What Screws Do You Use With Treated Wood?

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Whether you are constructing a deck or another outdoor wooden structure, building with pressure-treated wood is key for structural integrity and overall longevity. In a similar vein, joining your structure with screws for pressure-treated wood is equally as important to avoid unwanted corrosion. Learn why using fasteners for pressure-treated wood is crucial for successful outdoor builds.


What Is Pressure-Treated Wood?

Pressure-treated wood is preserved by alkaline copper quaternary or copper azole that protects it from corrosive elements. Using this type of chemically protected wood is ideal in situations where the wooden surface or structure will see regular moisture exposure. While pressure-treated wood is absolutely wood, it does require particular types of fasteners that won't react adversely to its chemical properties.


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The chemicals that protect pressure-treated wood from rot can be reactive and caustic to certain types of fasteners. Therefore, when selecting screws for pressure-treated wood projects, it's important to choose fasteners that can withstand not only substantial structural loads and inclement weather but also the corrosive properties of the chemicals on the treated wood.

Identifying Screws for Pressure-Treated Wood

Screws made of silicon bronze are the cream of the crop for use on pressure-treated wood. Wood rot is not common around silicon bronze screws, and these fasteners also resist other forms of corrosion. However, silicon bronze screws are quite expensive, so they are best used sparingly.


Most outdoor projects using pressure-treated wood will call for stainless steel screws. These screws come in a variety of grades, but 304 and 305 are the most commonly suggested grades. While both grades are typically great for projects in general, 305s are slightly upgraded in terms of their protection against corrosion. If you live in an area that sees particularly intense weather patterns or by the ocean where salt spray is common, investing in slightly more expensive 316-grade stainless steel screws may be worth it.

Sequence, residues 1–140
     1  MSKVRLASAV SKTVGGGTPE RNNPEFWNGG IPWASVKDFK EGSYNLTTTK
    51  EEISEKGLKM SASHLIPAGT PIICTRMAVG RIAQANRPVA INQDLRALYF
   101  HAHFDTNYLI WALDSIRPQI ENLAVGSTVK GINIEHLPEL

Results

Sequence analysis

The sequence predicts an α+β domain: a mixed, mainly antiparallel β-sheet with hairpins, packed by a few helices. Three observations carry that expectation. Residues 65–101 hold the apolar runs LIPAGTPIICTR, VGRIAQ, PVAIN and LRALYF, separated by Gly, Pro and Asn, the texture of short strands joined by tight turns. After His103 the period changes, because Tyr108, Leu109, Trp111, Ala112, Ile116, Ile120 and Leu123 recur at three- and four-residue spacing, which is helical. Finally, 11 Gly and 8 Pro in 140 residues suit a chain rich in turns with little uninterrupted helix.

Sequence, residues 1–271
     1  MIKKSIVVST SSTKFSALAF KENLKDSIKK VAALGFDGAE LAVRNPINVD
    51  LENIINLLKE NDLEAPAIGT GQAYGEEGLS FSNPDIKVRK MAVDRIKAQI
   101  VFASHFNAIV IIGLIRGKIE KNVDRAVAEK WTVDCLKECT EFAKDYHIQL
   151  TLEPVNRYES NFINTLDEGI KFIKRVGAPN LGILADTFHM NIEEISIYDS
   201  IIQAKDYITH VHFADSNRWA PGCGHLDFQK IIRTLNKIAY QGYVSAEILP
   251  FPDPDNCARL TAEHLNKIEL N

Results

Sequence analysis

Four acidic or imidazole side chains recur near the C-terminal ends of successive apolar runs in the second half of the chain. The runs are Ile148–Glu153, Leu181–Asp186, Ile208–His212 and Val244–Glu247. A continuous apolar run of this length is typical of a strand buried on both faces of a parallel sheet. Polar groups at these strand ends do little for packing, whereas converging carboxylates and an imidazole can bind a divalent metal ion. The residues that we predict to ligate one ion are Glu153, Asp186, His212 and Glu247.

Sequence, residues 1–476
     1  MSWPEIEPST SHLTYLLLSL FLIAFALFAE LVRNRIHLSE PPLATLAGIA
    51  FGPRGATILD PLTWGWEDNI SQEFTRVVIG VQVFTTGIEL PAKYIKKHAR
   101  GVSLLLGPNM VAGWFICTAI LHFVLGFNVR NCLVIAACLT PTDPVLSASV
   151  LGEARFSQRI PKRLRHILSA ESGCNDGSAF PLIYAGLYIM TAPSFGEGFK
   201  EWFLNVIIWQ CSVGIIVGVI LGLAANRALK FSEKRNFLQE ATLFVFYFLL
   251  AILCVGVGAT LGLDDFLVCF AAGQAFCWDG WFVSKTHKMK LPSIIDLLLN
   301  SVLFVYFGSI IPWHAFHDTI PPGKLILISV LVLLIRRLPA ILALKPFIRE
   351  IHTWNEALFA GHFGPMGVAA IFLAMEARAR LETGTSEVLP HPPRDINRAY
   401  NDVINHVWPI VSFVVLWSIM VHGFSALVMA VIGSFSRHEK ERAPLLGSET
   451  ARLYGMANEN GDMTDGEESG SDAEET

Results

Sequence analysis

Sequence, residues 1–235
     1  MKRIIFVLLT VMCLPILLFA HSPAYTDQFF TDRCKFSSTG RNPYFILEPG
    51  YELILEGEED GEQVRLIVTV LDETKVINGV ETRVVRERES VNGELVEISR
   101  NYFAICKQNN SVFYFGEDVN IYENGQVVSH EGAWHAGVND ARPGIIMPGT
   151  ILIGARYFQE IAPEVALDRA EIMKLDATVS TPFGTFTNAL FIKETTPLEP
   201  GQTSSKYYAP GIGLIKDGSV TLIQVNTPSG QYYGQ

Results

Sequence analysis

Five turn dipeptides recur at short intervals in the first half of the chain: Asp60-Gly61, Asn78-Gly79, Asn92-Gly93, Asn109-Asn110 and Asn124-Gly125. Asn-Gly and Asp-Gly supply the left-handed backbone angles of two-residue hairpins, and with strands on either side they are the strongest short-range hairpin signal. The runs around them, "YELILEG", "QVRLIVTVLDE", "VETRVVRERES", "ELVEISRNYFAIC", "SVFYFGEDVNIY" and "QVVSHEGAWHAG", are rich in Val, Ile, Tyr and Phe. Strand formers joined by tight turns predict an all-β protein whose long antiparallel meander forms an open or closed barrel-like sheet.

Another great pick for joining pressure-treated wood is coated steel screws. The best coated screws are generally those covered in either zinc or ceramic. If you're using these, be aware that while a thicker coating is more durable, too thick a coating can clog threads, making it really difficult to drive in your fasteners. You also want to avoid investing in purely galvanized screws because pressure-treated wood can harm their integrity. Instead, opt for galvanized screws with an added polymer coating.


No matter which type of fastener you choose, when working outdoors, it's always best to join your projects with screws rather than nails. This is primarily because the ridges on screws grip the wood better and withstand unwanted corrosion over time. Additionally, when installing decking, you want to insert screws a minimum of an inch into the frame material for the best fit and leverage.

What's the Difference Between Wood Screws and Deck Screws?

There are so many different types of screws available these days, and each type is designed for a unique purpose. Wood screws and deck screws are no different. You generally reach for a wood screw when you are layering boards of wood together. These types of screws aren't necessarily designed to withstand corrosive outdoor elements. However, deck screws are. Deck screws are designed to be used on the outside of your outdoor projects, as they are much better at withstanding inclement weather and the corrosive qualities of wood preservatives.



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